DBT counselors use four distinct practices to help people take control of the diverse aspects of their own minds:
- They teach their clients cognitive skills like emotional regulation and distress tolerance.
- They provide validation and acceptance of their patient’s feelings, thoughts, and experiences.
- They educate their patients on how to adopt behaviors that promote emotional regulation.
- They encourage patients to examine their own thoughts and feelings when confronted with challenging circumstances that would normally trigger reactive and possibly self-destructive behavior.
DBT counselors believe we should base our choices on wisdom rather than impulsivity or emotion.
In practice, anyone can learn to regulate their emotions and make decisions from a place of clear thinking instead of emotional turmoil.
How to Use Wise Mind and 3 Wise Mind Examples
Using DBT, you can move from an emotional mind to a wise mind to make more conscious, effective decisions. Being aware of your thoughts and feelings is a helpful way to manage your various challenges.
First, focus on what you observe rather than getting caught up in judgment. Next, immerse yourself in the present moment rather than dwelling on the past or future.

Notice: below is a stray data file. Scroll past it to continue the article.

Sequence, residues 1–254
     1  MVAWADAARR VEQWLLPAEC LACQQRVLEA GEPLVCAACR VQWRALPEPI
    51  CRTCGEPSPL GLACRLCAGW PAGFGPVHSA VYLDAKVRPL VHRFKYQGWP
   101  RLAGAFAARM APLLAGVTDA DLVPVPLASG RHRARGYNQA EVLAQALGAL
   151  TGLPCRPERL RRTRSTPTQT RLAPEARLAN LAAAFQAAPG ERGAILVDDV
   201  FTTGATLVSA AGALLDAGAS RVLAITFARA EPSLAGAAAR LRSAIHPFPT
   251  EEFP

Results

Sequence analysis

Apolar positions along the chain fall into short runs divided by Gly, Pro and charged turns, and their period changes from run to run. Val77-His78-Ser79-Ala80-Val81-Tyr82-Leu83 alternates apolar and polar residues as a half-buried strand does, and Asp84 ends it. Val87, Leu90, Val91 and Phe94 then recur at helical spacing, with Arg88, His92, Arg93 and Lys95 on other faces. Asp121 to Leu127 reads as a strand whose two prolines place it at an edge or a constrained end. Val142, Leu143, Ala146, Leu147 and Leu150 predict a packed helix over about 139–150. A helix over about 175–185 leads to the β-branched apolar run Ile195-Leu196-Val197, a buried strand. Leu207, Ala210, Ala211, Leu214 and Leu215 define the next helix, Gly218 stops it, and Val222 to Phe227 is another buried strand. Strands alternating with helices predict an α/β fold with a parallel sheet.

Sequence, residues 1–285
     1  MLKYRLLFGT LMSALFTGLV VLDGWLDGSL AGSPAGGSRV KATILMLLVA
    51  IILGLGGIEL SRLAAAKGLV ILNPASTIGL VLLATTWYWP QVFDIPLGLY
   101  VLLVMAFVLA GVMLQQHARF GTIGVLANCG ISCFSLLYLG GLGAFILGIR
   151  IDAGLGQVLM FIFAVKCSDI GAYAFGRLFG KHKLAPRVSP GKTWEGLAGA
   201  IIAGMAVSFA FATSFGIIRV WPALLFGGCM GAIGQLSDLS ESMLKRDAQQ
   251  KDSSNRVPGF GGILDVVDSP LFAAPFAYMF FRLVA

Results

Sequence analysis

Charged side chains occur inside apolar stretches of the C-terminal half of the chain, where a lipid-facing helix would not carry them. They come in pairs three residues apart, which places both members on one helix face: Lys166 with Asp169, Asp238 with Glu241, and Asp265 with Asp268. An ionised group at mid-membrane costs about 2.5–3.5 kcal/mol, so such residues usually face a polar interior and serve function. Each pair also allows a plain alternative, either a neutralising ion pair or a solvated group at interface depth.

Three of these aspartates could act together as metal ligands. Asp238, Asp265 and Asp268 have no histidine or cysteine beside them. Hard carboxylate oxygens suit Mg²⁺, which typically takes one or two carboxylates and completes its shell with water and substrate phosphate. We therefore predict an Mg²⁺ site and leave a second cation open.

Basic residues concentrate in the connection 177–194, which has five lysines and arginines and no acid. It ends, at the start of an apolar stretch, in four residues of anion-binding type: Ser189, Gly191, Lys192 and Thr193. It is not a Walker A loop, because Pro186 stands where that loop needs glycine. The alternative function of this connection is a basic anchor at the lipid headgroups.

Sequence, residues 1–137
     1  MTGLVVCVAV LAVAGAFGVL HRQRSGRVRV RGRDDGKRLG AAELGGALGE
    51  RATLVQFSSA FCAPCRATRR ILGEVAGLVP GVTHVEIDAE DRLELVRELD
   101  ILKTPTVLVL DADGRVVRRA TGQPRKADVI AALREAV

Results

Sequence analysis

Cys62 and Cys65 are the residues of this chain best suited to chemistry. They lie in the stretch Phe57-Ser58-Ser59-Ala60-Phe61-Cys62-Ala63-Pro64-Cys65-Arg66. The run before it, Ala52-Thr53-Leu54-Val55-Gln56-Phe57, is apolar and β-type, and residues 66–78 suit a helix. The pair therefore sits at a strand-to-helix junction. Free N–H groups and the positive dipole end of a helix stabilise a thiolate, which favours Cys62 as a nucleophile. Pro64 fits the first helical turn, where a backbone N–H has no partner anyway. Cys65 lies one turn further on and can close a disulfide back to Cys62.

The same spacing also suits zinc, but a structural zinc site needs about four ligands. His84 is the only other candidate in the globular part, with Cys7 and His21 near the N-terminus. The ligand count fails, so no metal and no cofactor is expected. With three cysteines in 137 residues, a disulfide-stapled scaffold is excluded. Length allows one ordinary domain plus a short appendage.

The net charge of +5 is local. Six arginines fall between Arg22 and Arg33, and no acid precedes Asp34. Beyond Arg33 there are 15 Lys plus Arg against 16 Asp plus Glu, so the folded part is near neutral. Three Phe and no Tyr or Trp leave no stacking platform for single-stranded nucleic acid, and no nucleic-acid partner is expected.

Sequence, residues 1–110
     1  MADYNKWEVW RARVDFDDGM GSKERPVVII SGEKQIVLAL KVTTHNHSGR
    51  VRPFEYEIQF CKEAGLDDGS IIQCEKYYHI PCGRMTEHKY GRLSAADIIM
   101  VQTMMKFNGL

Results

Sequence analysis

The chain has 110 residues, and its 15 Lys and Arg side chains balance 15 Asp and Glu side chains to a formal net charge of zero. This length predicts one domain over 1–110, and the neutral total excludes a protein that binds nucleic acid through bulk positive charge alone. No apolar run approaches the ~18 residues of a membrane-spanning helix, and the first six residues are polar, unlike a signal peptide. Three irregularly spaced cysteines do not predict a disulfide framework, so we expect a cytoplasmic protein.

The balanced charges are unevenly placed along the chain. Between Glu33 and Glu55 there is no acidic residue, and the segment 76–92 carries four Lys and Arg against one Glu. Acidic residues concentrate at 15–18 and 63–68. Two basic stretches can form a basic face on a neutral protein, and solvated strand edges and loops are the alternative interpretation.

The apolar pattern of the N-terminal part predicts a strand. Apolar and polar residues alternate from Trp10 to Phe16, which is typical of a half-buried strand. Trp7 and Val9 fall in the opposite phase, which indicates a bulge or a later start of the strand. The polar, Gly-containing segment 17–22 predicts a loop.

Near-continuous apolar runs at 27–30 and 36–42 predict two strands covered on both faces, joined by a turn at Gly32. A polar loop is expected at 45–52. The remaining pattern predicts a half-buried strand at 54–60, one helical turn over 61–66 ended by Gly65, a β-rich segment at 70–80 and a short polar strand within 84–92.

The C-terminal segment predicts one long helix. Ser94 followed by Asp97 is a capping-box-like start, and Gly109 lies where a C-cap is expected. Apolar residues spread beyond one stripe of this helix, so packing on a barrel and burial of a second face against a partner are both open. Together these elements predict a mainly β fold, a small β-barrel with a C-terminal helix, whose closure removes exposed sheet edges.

Although cultivating a more mindful approach to life can be challenging, it’s well worth it because you can move through your life with greater clarity and purpose.
Here are some examples of wise mind and DBT:
- Imagine that your boss has just criticized you. You might see that the criticism was unfair and that you are not a bad employee if you are in a rational frame of mind.
However, if you’re emotional, you might only be able to see how hurt and angry you are. An open mind can see both sides of the story: the hurt feelings and the logic that the criticism was unwarranted.
In addition, you are now better prepared to respond constructively to the situation.
- Imagine your significant other no longer wishes to be in a relationship with you because they have fallen in love with someone else. Your emotional mind might tell you to react angrily and lash out at them for betraying your trust and love.
Your reasonable mind may tell you to remain calm and walk away with dignity.
A wise mind would suggest constructively expressing your anger, heartbreak, confusion, and frustration by making an appointment with a therapist or speaking to a lawyer (if your partner wants a divorce).
- Imagine you’re stuck in a dead-end job and considering whether to quit and find a better-paying job that aligns with your aptitudes and interests. When you’re using your wise mind, you can make decisions based on both logic and emotion.
If you’re considering leaving your job, use both your rational mind (logic) and your emotional mind (intuition/emotion) to assess whether you’re truly ready to let go of your paycheck and follow your career dreams.
You don’t have to engage in DBT or any other therapy to practice wise mind. Learn to pay attention to your emotions and your logical brain, especially during emotionally-charged or challenging situations.
How do each of these inform you, and how can you access the best of both to find solutions or take action?
Your wise mind is always available to you when you seek it mindfully.